Wolf’s Lair demolition and destruction
In October 1944, Red Army troops reached the eastern borders of East Prussia. Therefore, on November 20th, 1944, the headquarters were moved to Zossen near Berlin. Two days later, Field Marshal Wilhelm Keitel ordered the destruction of the Wolfsschanze complex (which has survived to this day in its original version) so that the buildings do not fall into the hands of the enemy and that they do not turn into a fortress, which later the Germans would have to conquer – after all, faith in the “final victory” was still an official slogan. In addition, this plan was part of the “scorched earth” tactics that were widely used during World War II by many armies.
The order of Field Marshal Wilhelm Keitel was carried out on the night of January 24-25, 1945. Entire complex was mined, demolition charges was planted and powerful concrete blocks flew 20-30 meters into the air – and smaller debris up to several hundred. As witnesses testify, as a result of explosions ice cracked on the nearby lakes Moj and Siercze. It is estimated that about eight tons of TNT was used to blow up one bunker.
Adolf Hitler‘s bunker suffered the most damage comparing to other heavy bunkers. Almost all other bunkers and shelters – due to the amount of concrete used, wall thickness and solidity of the structure – lasted the demolition. Lighter constructions, barracks and other strategic light buildings were completely destroyed.
From the strategic and military point of view, the execution of Keitel’s order was not entirely successful – we can even say that it was nearly failure. Sapper surpassed the enormity and solidity of buildings, harsh weather conditions, the lack of sufficient explosives and the specter of an approaching opponent. Instead of preventing the complex from becoming a potential stronghold – they end up in exactly opposite situation, yet, ruins of Wolfsschanze were never defended and attacked after the German troops left.
On January 27, 1945, Red Army units entered Hitler’s former war headquarters without a single shot.
Demining of the Wolf’s Lair
On January 27, 1945, the premises of the headquarters were occupied by the troops of the 31st Army of General P. Szafranov, and on February 14, 1945, the NKVD representative at the 3rd Belorussian Front, General Viktor Abakumov, arrived here. Right after that, official demining operation has begun.
The whole area of approx. 15 km² was fenced in two rows of high barbed wire fence, reinforced with additional wire fences. Signal mines were hung on the fences. The space between the 150-m-wide fences on almost the entire perimeter was mined with anti-personnel mines, and in the directions accessible to tanks – with anti-tank mines. Nine types of mines were identified on the site, of which only 4 belonged to typical German weapons. Others were combined mines. S-type mines, Stockmine, Schutzmine, TMi-42 and RMi-43 dominated. The mine density was very high, it was practically impossible for a walker to overcome the 100-130 m lane so as not to step on the mine (until World War II there was no mine field of such density!). The sectors were set up in a mixed system. The mine barrier consisted of anti-personnel and anti-tank mines. Some mines were non-disarming, and the mines in the glass packaging were undetectable by detectors. Because of this, demining was very dangerous, in which fatalities and serious injuries occurred. For these reasons, explosives were used to liquidate the minefield. A complicated mine system was not known, the mines were masked by tall grass, vegetation and bushes.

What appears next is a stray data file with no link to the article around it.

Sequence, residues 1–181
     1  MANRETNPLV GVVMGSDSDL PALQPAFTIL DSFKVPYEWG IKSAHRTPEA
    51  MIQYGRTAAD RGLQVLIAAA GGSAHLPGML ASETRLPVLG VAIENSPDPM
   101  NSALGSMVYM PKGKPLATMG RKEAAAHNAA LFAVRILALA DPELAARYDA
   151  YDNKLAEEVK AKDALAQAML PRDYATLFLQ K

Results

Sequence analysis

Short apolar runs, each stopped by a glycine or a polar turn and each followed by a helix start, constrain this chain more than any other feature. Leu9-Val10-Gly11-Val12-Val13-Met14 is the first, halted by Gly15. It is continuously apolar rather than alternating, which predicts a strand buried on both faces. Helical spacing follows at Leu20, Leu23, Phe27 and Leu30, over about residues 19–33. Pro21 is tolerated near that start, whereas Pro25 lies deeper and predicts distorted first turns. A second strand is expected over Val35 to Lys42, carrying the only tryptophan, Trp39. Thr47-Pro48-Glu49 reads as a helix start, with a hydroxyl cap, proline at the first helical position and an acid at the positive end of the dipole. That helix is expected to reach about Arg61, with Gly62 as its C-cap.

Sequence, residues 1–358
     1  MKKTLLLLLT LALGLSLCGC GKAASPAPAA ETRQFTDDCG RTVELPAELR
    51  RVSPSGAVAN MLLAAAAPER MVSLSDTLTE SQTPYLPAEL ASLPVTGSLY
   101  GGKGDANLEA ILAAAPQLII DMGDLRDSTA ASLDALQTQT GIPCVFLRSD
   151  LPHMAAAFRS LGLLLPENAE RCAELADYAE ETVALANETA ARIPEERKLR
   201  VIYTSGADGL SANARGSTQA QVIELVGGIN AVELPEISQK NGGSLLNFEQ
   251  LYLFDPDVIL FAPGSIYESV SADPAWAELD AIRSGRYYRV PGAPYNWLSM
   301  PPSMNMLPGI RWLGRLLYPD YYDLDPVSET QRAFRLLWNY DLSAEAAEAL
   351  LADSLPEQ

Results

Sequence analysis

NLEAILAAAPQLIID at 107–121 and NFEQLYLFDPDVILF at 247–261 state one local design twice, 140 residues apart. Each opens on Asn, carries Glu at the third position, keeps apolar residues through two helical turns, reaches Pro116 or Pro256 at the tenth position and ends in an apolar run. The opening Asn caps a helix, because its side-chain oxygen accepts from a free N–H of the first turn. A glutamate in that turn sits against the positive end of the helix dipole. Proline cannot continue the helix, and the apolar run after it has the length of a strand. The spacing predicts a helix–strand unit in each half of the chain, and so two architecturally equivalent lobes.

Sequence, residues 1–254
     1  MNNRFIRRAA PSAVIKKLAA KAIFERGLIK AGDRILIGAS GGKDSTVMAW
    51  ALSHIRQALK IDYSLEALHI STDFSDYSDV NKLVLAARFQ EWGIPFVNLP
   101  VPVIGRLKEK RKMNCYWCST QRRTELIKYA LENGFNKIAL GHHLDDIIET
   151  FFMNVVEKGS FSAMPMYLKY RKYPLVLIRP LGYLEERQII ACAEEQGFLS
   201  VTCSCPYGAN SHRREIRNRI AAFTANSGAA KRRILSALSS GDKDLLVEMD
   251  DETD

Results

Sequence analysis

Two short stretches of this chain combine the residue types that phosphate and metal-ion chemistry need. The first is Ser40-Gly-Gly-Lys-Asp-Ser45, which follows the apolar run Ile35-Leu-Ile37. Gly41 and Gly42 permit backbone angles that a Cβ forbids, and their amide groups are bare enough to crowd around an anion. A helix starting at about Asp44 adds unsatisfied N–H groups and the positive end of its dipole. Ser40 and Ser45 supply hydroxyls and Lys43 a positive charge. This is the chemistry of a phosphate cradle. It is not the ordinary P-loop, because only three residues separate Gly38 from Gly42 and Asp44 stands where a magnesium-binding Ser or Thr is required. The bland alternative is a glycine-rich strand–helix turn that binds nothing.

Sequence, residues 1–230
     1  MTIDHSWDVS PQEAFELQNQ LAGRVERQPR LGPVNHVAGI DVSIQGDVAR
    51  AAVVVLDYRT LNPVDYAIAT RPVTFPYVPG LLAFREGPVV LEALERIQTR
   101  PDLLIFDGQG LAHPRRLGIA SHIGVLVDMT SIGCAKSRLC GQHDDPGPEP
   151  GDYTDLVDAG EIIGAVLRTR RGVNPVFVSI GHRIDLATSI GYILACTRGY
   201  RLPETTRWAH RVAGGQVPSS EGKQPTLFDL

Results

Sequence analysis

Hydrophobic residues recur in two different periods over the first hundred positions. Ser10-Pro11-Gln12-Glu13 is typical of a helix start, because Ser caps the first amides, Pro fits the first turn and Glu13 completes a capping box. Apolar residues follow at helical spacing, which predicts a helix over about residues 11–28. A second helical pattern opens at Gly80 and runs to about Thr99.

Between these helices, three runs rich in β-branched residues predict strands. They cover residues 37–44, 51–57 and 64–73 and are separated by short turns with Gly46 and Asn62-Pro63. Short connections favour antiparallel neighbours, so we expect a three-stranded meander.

The 46th battalion of sappers began the first reconnaissance and preliminary work on the demining of Hitler’s former headquarters. In July 1945, on the order of the commander of the 15th Army. Gen. K. Kontryma, company commander Lt. Zdzisław Gruszecki and chor. Łaszkiewicz with a team of sappers recognized the mining of the quarters and potential burial of French prisoners of war in the headquarters (however no graves were found). In 1945, the complex was not demarcated anyway. More important at that time was to check all local crop fields and demining industrial plants. Demining of the minefield (about 10 km long, 80-100 m wide) surrounding the headquarters was done by Polish engineers. In 1954, demining was led by a pre-war officer, later colonel Edmund Józefowicz (1913–1997) from the Masurian Sapper Brigade. At the mine clearance, 46 sapper battalion from Olsztyn in 1946 and 1947 and after a two-year break in 1950-1951, 1 battalion 1 DP from the north and 4 bsap 3 DP from the south and 75 battalion from Giżycko, and in 1952 and 1953 47 battalion from Gdańsk.